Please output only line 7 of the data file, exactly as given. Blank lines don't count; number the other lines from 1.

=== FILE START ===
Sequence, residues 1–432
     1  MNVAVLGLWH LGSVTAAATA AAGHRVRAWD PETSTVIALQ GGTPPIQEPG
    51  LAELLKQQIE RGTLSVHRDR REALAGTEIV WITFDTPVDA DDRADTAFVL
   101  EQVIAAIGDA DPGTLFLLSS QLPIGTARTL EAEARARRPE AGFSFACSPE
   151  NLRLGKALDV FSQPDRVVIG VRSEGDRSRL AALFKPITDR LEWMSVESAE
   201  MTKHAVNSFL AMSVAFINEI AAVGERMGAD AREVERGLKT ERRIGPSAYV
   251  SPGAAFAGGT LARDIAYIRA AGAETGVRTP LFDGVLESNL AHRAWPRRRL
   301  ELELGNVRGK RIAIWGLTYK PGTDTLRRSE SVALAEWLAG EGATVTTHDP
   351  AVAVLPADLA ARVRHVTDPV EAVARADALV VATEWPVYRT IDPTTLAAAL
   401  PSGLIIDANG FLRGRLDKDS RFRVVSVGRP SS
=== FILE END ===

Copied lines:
   251  SPGAAFAGGT LARDIAYIRA AGAETGVRTP LFDGVLESNL AHRAWPRRRL